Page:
Haunts of the Very Rich (1973) poster

Haunts of the Very Rich (1972)


USA. 1972.


Director – Paul Wendkos, Teleplay – William Wood, Story – T.K. Brown, Producer – Lillian Gallo, Photography – Ben Colman, Music – Dominic Frontiere, Art Direction – Eugene Lourie. Production Company – American Broadcasting Companies, Inc/ANC Circle Films.


Lloyd Bridges (Dave Woodrough), Cloris Leachman (Ellen Blunt), Edward Asner (Albert Hunsicker), Anne Francis (Annette Larrier), Tony Bill (Lyle Dugan), Donna Mills (Laurie Dugan), Moses Gunn (Seacrist), Robert Reed (Reverend John Fellows)


A group of people are on a flight to the mystery resort Portal of Eden, all except for Al Hunsicker who thought he was going to Texas for a business meeting. They land at their destination, a palatial resort, and are shown their rooms by the host Seacrist. There is a storm overnight and in the morning, Seacrist informs them that communications are out. The runway for their return flight is blocked but effort is being made to clear it. The situation becomes worse as the staff depart after the death of one of their number and the guests are left on their own with scanty supplies of food and water.

Haunts of the Very Rich is a work from the Golden Age of genre tv movies in the early 1970s. This was a period that produced some great genre works including the likes of The Love War (1970), Duel (1971), The Night Stalker (1972), A Cold Night’s Death (1973), The Night Strangler (1973), The Dead Don’t Die (1975) and Trilogy of Terror (1975), among others. (See TV Movies).

Paul Wendkos (1925-2009) is a genre director who I have always maintained never fully received his due. His one moment of pure stylishness was the occult film The Mephisto Waltz (1971). Wendkos made several other theatrical films, little of note, except perhaps for the hit of the teen film Gidget (1965) and two of its sequels. Almost all Wendkos’s work was in television in a five-decade career beginning in the 1950s and covering episodes of many classic tv series such as The Untouchables (1959-63), Dr Kildare (1961-5), I Spy (1965-8) and The Invaders (1967-8). He has made a sizeable number of tv films, including the classic The Brotherhood of the Bell (1970) and several genre offerings such as Fear No Evil (1969) about a ghostbusting duo, The Legend of Lizzie Borden (1974), the occult film Good Against Evil (1977), a remake of The Bad Seed (1985) and the ghost story From the Dead of Night (1989).

All of that said, Haunts of the Very Rich is neither an unsung entry from the 1970s Golden Age nor one of Paul Wendkos’s lost classics. It never ends up being particularly interesting. There are a series of vague happenings – a storm; a snake found in a bed; one of the staff collapsing dead, the rest of the staff quitting; a broken radio that is able to receive but not transmit. The group are abandoned at the resort with dwindling food and water supplies and no hired help, while there seem endless reasons preventing them from being able to leave. This produces mild tension but you feel like the film could have pushed these things and put the screws on characters a whole lot more than it does. The film certainly lets down on the ‘haunts’ part of the title – this leads you to at the very least expect a ghost story and there is nothing that can be even remotely considered spooky.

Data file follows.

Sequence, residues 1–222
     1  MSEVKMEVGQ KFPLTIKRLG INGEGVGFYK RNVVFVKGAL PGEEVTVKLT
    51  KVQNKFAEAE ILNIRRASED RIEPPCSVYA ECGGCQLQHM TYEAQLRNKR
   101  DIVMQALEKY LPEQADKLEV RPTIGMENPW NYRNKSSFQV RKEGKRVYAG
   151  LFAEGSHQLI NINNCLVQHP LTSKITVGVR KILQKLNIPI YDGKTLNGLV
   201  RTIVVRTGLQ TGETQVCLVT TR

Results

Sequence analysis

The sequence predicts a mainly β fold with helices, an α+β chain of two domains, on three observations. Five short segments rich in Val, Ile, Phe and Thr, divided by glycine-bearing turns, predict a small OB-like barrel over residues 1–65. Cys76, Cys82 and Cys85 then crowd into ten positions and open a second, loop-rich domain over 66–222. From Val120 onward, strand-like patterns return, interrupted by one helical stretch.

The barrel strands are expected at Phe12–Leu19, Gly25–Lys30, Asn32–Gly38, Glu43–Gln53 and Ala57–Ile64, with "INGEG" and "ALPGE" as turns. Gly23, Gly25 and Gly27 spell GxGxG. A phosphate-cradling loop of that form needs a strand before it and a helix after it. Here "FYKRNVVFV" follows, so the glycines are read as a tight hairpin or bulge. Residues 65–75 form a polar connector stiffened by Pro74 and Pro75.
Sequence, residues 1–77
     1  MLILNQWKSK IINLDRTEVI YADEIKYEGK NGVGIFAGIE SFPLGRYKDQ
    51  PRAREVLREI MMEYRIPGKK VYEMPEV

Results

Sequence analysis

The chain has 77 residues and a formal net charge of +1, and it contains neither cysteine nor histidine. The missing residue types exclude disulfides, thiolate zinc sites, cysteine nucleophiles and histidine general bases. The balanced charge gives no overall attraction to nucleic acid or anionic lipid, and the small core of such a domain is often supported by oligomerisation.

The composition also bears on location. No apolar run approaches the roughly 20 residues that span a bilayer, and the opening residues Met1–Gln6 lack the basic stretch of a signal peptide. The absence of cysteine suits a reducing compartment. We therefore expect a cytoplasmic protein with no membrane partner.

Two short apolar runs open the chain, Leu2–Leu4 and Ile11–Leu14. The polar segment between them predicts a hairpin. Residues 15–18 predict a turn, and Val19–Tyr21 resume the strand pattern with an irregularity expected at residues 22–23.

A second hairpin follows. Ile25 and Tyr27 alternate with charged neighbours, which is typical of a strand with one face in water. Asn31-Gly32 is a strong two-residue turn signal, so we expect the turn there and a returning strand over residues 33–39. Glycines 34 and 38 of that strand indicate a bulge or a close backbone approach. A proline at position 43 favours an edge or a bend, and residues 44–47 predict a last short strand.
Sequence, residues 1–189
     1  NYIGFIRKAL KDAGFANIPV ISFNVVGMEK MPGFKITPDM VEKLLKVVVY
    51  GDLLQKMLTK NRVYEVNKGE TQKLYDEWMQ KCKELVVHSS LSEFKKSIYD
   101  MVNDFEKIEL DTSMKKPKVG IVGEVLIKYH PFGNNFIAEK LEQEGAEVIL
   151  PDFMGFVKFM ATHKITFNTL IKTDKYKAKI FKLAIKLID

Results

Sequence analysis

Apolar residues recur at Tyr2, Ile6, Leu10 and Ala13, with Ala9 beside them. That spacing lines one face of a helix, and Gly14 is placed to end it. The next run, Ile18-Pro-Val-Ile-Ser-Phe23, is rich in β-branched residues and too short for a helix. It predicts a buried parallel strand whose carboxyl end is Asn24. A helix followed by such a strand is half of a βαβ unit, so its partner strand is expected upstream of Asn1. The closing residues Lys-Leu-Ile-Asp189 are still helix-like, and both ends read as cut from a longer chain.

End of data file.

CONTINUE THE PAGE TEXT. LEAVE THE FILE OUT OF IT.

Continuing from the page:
The film’s main twist is that it is a deathdream fantasy – the term this site uses for films where a series of anomalous happenings are revealed to be occurring because the character(s) were dead all along. (See Deathdream Endings). The IMDB claims that the film is a remake of Outward Bound (1930), later remade as Between Two Worlds (1944), but this is not true. There is a general similarity – Outward Bound is about seven passengers on a cruise liner before the realisation they are dead; this has seven people arriving at a holiday resort and the same ending. More crucially, Sutton Vane’s original 1923 play, which was the basis of Outward Bound, is not credited anywhere here, which is usually what would be required to call something a remake. The deathdream has a long cinematic lineage to the point it has become a cliche these days in films ranging from An Occurrence at Owl Creek Bridge (1961) to The Sixth Sense (1999). I don’t think Haunts of the Very Rich does a particularly good job of telling such a story. It is never clear what is happening, while the end the film reaches is frustratingly vague and unresolved.

Haunts of the Very Rich interestingly prefigures something of the hit series Fantasy Island (1977-94). There is the same set up involving a party arriving at a luxurious tropical resort. There is even the figure of Moses Gunn as the mysterious guide who greets them wearing a white suit just like Ricardo Montalban. It could well be that this is where Aaron Spelling and co found the inspiration for Fantasy Island. I kept also thinking forward to the later hit series Lost (2004-10) and its group of people trapped on an island where mysterious things were constantly happening while both shows end with a not dissimilar twist ending.

Certainly, the film has an impressive cast line-up including Lloyd Bridges, Jeff’s father, known for the tv series Sea Hunt (1958-61) and a few years later Airplane/Flying High (1980); Edward Asner then known for Mary Tyler Moore (1970-7) and a few years spun later off with his own show Lou Grant (1977-82); Cloris Leachman, another Mary Tyler Moore alumni who also had her own spinoff show with Phyllis (1975-7); Anne Francis, Altaira from Forbidden Planet (1956); and Donna Mills from Play Misty for Me (1971) and later a regular on Knots Landing (1979-93).

Full film available here

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